More and more organizations are taking a closer look at “learning transfer” — how we make sure people use what they learn in a classroom or program.
“There is no magic bullet for making this happen,” says CCL’s Jonathan Vehar. “But instructional designers can take steps to create courses and experiences that improve the chances of making learning stick.”
CCL has long held the view that development is a process, not an event. Even so, we continue to adapt how we work with leaders and organizations to help people apply and integrate what they learn.
Vehar and CCL’s Samir Mehta are giving a webinar, Making Learning Stick, to share some of our insights with people charged with organizational learning, leadership development or talent management.
Among the ideas they will cover are five strategies for better learning transfer:
- Prepare. Engage. Apply. What happens before and after a training program matters just as much as the program itself. All three phases offer opportunities to boost and solidify learning.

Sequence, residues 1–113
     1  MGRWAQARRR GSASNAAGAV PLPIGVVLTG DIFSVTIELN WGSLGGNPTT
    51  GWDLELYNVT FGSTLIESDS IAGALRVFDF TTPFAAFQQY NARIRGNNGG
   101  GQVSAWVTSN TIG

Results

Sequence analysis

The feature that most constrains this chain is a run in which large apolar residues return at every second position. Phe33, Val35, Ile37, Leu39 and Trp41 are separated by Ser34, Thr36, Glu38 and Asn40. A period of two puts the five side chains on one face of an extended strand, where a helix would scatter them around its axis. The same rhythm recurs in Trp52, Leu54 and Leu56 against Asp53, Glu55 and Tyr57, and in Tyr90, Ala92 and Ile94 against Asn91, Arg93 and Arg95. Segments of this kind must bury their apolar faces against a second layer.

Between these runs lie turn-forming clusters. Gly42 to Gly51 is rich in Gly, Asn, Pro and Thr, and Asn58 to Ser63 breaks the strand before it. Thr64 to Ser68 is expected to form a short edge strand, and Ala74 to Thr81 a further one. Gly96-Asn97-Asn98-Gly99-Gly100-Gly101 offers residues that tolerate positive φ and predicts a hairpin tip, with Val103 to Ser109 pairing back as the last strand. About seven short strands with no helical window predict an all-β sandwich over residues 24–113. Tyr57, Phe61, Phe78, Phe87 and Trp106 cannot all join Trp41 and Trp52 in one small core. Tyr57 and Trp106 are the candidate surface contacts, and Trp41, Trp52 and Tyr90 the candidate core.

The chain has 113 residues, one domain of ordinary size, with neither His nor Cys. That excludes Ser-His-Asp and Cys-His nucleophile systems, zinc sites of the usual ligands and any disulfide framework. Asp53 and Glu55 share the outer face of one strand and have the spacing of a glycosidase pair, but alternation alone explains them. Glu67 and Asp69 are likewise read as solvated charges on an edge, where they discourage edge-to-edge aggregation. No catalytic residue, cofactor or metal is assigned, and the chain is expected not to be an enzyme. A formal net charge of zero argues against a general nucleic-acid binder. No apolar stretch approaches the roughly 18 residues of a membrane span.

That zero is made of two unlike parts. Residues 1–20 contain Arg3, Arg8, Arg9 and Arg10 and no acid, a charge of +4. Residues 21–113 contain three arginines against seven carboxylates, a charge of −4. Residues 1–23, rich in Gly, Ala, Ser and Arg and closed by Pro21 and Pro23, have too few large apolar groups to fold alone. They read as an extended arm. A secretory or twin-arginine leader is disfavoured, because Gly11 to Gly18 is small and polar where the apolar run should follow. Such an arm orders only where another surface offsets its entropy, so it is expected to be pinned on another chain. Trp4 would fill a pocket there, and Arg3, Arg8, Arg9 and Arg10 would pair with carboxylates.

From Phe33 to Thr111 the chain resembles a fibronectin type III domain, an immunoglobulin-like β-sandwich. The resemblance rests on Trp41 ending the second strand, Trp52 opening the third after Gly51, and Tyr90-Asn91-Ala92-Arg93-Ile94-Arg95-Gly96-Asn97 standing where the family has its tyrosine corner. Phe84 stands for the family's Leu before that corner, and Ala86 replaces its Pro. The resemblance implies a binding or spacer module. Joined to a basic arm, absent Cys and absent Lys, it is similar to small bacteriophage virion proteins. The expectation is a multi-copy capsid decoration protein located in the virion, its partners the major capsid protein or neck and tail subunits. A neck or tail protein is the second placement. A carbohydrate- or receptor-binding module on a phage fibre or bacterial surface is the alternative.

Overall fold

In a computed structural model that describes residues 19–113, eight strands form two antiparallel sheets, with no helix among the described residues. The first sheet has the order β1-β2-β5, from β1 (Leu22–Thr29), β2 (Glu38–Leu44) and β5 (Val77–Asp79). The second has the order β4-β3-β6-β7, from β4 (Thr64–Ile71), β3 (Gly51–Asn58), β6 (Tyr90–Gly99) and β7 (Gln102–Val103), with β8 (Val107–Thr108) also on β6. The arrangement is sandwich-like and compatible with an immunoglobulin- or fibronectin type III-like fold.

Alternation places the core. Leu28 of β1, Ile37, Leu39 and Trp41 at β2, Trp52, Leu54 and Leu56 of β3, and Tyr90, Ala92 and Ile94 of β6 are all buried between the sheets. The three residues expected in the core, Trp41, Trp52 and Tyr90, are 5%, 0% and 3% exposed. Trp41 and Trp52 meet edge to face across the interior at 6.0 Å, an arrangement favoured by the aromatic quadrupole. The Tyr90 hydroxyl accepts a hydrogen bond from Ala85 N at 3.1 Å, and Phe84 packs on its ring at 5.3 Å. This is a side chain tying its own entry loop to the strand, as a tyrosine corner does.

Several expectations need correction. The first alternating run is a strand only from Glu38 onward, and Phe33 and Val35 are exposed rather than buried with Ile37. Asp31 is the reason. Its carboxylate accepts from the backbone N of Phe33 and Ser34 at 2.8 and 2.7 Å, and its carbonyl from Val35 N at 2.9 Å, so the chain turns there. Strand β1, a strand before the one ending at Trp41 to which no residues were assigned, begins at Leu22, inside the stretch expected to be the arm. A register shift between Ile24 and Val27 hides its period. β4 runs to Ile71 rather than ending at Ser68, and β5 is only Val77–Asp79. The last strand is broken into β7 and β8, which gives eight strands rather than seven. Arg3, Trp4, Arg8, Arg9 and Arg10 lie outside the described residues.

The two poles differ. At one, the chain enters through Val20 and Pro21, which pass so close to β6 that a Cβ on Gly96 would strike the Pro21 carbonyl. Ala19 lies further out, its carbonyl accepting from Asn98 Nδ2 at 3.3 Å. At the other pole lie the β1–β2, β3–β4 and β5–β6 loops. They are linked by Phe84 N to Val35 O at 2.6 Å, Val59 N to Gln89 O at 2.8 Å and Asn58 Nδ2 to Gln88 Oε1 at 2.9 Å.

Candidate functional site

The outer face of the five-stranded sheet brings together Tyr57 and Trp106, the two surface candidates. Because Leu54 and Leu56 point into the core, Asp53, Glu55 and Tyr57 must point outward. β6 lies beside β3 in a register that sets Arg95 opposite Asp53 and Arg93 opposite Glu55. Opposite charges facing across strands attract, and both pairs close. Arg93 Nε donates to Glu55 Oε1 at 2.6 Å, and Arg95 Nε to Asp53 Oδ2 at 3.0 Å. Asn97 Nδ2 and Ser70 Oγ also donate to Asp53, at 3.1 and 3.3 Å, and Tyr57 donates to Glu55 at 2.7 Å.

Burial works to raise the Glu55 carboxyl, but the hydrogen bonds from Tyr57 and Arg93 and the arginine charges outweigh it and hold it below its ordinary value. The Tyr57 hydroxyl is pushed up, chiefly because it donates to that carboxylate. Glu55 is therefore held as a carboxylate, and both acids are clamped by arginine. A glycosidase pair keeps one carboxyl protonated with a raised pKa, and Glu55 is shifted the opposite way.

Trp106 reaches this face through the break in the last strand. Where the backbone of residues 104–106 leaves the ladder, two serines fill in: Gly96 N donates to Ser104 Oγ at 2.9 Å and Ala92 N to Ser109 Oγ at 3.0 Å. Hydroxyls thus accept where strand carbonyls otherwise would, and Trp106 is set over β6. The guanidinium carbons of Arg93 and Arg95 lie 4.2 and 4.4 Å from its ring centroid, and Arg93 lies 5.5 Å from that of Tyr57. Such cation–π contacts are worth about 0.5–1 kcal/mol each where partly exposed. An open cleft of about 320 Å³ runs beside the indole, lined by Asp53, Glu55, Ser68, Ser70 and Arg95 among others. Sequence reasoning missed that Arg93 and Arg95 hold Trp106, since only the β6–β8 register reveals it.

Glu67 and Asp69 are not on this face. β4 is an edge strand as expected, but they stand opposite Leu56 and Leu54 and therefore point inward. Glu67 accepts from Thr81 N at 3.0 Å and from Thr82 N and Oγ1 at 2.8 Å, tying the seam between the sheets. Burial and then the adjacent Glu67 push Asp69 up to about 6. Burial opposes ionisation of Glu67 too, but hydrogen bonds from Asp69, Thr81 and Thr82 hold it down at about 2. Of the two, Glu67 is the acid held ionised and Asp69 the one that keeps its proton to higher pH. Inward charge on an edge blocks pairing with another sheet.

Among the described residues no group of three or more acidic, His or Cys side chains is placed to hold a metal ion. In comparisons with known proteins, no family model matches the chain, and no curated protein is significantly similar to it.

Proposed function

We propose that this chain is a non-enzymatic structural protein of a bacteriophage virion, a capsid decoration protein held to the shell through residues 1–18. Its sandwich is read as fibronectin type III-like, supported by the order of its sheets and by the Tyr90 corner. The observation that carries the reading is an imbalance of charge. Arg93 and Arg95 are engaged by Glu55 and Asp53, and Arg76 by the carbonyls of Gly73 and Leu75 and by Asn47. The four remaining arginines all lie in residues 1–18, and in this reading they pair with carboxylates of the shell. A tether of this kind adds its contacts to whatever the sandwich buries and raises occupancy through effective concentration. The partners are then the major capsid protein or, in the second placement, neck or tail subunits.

- Factor in 70/20/10. Research shows that senior executives distribute their sources of career-long learning as 70 percent on-the-job challenges, 20 percent other people and 10 percent formal coursework. Experiences that focus on creating learning in all three categories can boost learning transfer and accelerate development.
- Managers (and Mentors) Matter. Get the people that manage the work to have conversations with their direct reports about learning, expectations and application of knowledge. If the boss isn’t engaged, be sure a mentor is.
- It Takes Three. The learner, the organization and the training provider each have responsibility. Without commitment from all three, learning transfer is in trouble.
- Peer Pressure … a.k.a. Accountability Groups. A transformative program experience will connect peers. They learn together, share experiences and discuss challenges and goals. Tap into these ties and create accountability groups so peers can support and push each other.